The recent hijacking of a Comoros flagged bunkering tanker with 8 Sri Lankan crew onboard by pirates in Somali’s coast has ignited debate on the possibility of return attacks which nearly crippled the all-important shipping industry five years ago.

There has been a lull in piracy cases in the troubled Somali waters since 2012 thanks to the concerted and coordinated efforts of navies allied to the North Atlantic Treaty Organizations, NATO who have been patrolling the region.

Having managed to keep the waters safe, the navies pulled out of Somalia last December. Three months later, the pirates struck. And while the latest attack is a departure from the previous ones, seeing as no ransom was given and it only lasted a few days, it has however exposed fundamental issues that calls for both local, regional and global intervention.

For starters Somalia coastline stretches over 3,300 kilometers, making it the longest in Africa which explains why it is strategic for majority of companies across the globe. Somali also sits in the Horn of Africa which is a prime zone for global trading partners. For example most of the trade between the European Union and its key trading partners like Japan, Asia, India and China takes pass through this route on a daily basis. In fact data shows that approximately 30 per cent of the world’s oil, which includes natural gas from the Persian Gulf destined for Western countries, pass through the Horn of Africa on a daily basis.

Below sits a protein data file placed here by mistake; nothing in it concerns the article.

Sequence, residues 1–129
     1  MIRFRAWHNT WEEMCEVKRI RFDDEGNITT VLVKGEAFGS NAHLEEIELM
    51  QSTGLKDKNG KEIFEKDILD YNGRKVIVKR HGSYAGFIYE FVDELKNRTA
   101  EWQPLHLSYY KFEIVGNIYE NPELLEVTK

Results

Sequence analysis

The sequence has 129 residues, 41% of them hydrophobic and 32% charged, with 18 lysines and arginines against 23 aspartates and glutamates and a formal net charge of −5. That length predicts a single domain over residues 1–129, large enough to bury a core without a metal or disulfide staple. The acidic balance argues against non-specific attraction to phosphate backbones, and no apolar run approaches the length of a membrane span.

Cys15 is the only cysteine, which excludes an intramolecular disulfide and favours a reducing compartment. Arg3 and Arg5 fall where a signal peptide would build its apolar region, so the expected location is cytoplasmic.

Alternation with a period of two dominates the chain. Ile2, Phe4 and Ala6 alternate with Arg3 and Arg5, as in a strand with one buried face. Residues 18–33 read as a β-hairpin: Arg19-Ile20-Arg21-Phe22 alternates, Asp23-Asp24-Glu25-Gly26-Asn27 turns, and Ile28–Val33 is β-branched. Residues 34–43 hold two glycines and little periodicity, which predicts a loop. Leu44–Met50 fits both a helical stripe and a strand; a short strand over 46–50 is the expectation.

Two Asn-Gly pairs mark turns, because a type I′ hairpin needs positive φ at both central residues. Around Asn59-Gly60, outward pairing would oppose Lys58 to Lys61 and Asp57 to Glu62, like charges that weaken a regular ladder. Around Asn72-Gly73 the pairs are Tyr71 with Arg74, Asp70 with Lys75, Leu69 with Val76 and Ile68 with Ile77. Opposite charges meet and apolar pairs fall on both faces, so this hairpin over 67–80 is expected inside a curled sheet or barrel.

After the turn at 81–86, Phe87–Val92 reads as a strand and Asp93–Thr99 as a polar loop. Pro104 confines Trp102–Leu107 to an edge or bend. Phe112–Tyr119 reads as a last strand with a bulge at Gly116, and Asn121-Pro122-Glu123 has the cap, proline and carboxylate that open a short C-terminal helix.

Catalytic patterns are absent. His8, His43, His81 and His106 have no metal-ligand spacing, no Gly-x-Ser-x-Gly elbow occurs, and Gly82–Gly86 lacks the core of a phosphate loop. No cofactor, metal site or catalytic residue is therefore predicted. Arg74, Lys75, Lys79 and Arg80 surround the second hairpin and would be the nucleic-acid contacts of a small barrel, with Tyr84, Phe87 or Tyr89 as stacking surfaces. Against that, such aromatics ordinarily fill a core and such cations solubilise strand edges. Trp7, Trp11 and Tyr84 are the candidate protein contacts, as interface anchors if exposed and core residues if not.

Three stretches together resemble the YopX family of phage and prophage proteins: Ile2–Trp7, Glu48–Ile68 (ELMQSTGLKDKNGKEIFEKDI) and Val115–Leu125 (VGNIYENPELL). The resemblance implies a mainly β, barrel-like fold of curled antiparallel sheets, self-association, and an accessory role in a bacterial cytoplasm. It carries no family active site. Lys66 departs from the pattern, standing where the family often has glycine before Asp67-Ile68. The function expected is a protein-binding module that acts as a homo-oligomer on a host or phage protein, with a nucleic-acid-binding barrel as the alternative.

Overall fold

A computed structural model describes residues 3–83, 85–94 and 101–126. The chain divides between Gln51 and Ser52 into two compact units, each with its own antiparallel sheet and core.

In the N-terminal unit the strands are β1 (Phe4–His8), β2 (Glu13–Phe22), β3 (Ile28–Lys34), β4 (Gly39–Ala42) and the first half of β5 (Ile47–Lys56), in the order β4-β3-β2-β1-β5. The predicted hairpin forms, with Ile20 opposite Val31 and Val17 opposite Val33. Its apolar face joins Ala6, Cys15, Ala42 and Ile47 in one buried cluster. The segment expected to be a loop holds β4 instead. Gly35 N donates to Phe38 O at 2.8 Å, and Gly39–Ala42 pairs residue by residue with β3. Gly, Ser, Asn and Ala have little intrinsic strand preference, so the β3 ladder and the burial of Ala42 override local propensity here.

But the coastline also offers some of the best fish. For a country however recovering from decades of war, the locals have found a lifeline in fishing. Now they accuse the government of the semi-autonomous Puntland region of allocating fishing licenses to international companies with little regard to the locals. In fact one fisherman described the scene at night as “looking like Los Angeles at night due to so many lights from ships and boats.” Another fisherman was quoted by the media as saying that the world should be prepared for more piracy attacks since there has been a surge of illegal, unregulated and unreported fishing activities in their waters.  Indeed a UN report approximates that over $300 million worth of seafood is stolen from Somalia’s coastline every year.

In the period between 2007  and 2012, when piracy reached unprecedented highs in East Africa especially in Somalia, it was reported that pirates cost the world $7 billion in ransom with an approximated 1,000 people taken hostage.